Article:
Kolkata: A policy research organisation has advocated bolstering the city’s tram infrastructure, including exploring the possibility of electric buses making use of the same overhead power supply network. A top official of The Energy and Resources Institute (TERI) said at an event here Thursday that a number of European cities run trams and buses on the same electric overhead wire network. “Tram infrastructure should be improved. The state government can explore dual-use of tram overhead power supply network, as the same can be shared by electric buses,” TERI Director General Ajay Mathur said on the sidelines of a Bengal Chamber of Commerce and Industry (BCCI) programme. Also Read – Rain batters Kolkata, cripples normal life He was responding to queries on the condition of tram services in city at a time when the central government is promoting e-vehicles. “Electric buses can use the overhead tram network wherever there is such availability before switching to its own to complete trips,” he said on Thursday. Mathur said if approached, it can undertake a detailed study for better use of the city’s tram infrastructure. The TERI official said according to a finding, Kolkatans use public transport for 79 per cent of their trips. In a bid to promote electric transportation to control emissions, the Department of Heavy Industries, under the FAME-1 scheme, had recently selected 11 cities for providing subsidy to procure electric vehicles on a pilot basis. A senior official of the West Bengal government said around 60-80 electric buses would be procured, 60 per cent of which will be funded by the Centre.
A little guidance, a little support and a little care can help in changing someone’s life and that is what exactly happened, when Sunil Razdan and Adm (Rtd.) H C Malhotra came up with the idea of Gyan Shakti Vidyalaya: A school after school, for underprivileged children.Gyan Shakti Vidyalaya is both for boys and girls, each in nearly equal numbers, living in an abominable condition in the jhuggies (slums) on the Yamuna Belt. The school has been functioning in an open public park for two hours, everyday since its inception in 2006. Also Read – ‘Playing Jojo was emotionally exhausting’The underprivileged students of Gyan Shakti Vidayala, with the help of their supportive teachers organised a drama event Chanakya on Friday evening to celebrate the 10th year of this unique initiative.While the programme was aided by Samir Jain, Indeutch Pvt Ltd, the NGO is funded by Civil Society and individual donors. Ex-chief minister Sheila Dikshit along with other eminent personalities had graced the event. The 7th annual play, Chanakya showcased the political views of Chanakya, a teacher, philosopher, economist, jurist and royal advisor during the Mauryan Empire. Chanakya is considered as the pioneer of Political Science and his work is thought of as an important precursor to Classical Economics. Also Read – Leslie doing new comedy special with NetflixThe endless effort of the students and teachers beautifully portrayed the character of Chanakya. The hard work of both the students and teachers made the show a worthwhile watch. As part of this event, the teachers talked about their enthusiasm and experience while creating this drama. They also shared their conviction and the mutual cooperation for fulfillment of the desired aspirations.Adm (Rtd.) H C Malhotra opened up about the event saying, “Our main motive is to inspire the socially and economically backward students to become responsible, capable and employable citizens with pride and sense of belonging, by providing them educational needs along social, health and hygienic care”. On how the aim could be achieved, he said, “By supporting their mainstream education in Delhi government schools and also additionally covering their activity based learning beyond their academics learning to enhance their communication skills, self confidence and by generating awareness among them will bring real transformation”.The Gyan Shakti Vidyalaya is an NGO with 430 children, out of whom a few have moved on to earn their livelihood, after acquiring the skills of their choice. Steria Noida has also enlightened the area by installing street lights. The school is managed by a core group of volunteers.Adm (Rtd) HC Malhotra also believes that the root cause of poverty is way beyond a single NGO’s power to change, but their school is giving its best with supportive teachers and donor to bring the change.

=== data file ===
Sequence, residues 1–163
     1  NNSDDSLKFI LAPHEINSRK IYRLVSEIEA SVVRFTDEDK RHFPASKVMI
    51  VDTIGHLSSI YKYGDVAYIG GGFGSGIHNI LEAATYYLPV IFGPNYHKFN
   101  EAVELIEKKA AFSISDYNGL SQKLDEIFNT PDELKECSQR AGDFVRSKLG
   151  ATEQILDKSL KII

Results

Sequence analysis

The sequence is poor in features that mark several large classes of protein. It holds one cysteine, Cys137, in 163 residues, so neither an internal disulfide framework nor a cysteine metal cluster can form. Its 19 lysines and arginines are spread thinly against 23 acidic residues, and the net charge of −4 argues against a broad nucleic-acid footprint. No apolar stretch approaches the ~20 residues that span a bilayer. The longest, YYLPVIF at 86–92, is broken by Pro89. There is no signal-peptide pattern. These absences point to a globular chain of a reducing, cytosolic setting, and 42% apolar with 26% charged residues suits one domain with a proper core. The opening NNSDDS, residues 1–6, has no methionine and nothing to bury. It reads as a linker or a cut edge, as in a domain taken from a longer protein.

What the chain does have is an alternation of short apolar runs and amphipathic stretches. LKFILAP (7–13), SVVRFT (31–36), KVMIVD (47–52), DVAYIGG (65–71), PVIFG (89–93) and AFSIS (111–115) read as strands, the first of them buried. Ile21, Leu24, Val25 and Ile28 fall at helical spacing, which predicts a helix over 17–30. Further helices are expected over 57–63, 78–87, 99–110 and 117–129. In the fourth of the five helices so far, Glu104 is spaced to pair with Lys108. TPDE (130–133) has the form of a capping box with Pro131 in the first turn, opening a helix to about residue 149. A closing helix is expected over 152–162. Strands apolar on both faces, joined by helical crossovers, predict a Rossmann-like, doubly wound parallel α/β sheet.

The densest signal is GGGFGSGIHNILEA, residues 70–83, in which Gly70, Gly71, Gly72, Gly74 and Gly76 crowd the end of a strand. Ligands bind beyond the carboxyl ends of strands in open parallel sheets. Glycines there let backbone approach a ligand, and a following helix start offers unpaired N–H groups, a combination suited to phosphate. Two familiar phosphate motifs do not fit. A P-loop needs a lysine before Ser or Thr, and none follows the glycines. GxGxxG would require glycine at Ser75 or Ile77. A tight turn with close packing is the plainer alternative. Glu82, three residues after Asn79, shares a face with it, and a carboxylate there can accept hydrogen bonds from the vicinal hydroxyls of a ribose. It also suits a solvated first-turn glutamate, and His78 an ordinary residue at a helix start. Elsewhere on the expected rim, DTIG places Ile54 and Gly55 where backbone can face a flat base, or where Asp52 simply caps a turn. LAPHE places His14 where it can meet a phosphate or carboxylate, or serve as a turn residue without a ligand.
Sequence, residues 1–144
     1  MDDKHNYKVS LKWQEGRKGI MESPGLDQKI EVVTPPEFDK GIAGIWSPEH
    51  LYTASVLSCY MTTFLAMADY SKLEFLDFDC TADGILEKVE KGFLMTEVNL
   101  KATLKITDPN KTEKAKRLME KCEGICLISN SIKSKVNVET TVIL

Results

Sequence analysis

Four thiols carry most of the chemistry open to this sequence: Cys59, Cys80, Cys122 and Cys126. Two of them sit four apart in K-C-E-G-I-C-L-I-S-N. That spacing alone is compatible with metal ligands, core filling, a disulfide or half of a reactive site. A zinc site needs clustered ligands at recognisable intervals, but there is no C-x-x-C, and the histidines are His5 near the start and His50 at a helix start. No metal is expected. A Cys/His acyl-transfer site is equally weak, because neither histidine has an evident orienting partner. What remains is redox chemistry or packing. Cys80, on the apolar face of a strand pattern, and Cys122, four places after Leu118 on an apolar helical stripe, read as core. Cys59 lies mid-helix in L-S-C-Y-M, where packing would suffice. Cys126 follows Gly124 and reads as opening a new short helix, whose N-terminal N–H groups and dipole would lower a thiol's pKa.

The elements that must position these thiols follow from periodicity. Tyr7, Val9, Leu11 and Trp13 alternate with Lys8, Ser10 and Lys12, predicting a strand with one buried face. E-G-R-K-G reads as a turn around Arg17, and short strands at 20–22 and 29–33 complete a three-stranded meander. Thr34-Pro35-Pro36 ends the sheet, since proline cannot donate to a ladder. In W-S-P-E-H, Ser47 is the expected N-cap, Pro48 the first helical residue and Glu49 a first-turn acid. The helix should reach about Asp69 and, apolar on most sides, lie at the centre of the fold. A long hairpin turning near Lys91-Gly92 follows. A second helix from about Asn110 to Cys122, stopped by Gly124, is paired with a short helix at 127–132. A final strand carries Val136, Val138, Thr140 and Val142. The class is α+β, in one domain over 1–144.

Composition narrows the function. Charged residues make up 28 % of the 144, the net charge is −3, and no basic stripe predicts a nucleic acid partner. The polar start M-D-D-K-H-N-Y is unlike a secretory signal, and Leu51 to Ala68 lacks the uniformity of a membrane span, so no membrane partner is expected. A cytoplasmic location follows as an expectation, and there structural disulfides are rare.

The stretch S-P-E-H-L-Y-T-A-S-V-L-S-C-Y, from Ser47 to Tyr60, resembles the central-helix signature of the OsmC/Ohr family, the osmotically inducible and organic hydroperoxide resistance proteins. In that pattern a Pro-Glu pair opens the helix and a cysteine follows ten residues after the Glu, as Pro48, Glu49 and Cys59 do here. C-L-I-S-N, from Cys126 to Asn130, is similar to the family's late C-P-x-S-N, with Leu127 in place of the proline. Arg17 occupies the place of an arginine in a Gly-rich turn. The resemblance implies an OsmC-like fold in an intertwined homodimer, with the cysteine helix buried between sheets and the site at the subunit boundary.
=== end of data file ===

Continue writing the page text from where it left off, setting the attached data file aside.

Increasing stomach fat, also known as the “hidden fat” in abdomen, can lead to worsening heart disease risk factors, according to a study. The study adds to the growing evidence that regional fat deposits are harmful and further suggested that the density of the stomach fat (measured by CT scan) is important.“The study shows that an increase in the amount of stomach fat and a lower density fat is associated with worse heart disease risk factors – even after accounting for how much weight was gained,” said Caroline Fox, researcher at the National Heart Lung and Blood Institute in Maryland. Fox said the fat density results were particularly strong. Also Read – Add new books to your shelf“Measuring fat density is a new measure that we are still working to understand and warrants further investigation. We used it as an indirect measure of fat quality and found that lower numbers were linked to greater heart disease risk,” Fox added. They reviewed CT scans to assess how much abdominal fat had accumulated, its location and its density in 1,106 participants whose average age was 45 years and 44 per cent were women. Both subcutaneous adipose fat, the fat just under the skin, which is often visible ‘flab’ or love handles, and visceral adipose fat, the fat inside the abdominal cavity, were measured. Also Read – Over 2 hours screen time daily will make your kids impulsiveOver the six-year follow-up period, participants had a 22 per cent increase in fat just under the skin and a 45 per cent increase in fat inside the abdominal cavity on average. In general, increases in the amount of fat and decreases in fat density were correlated with adverse changes in heart disease risk. Even though increase in both types of fat were linked to new and worsening cardiovascular disease risk factors, the relationship was even more pronounced for fat inside the abdominal cavity compared to fat just under the skin.In particular, individuals with greater increases in fat inside the abdominal cavity showed substantial increases in metabolic risk factors including high blood sugar, high triglycerides and low HDL, or good cholesterol, the researchers stated, in the paper published in the Journal of the American College of Cardiology.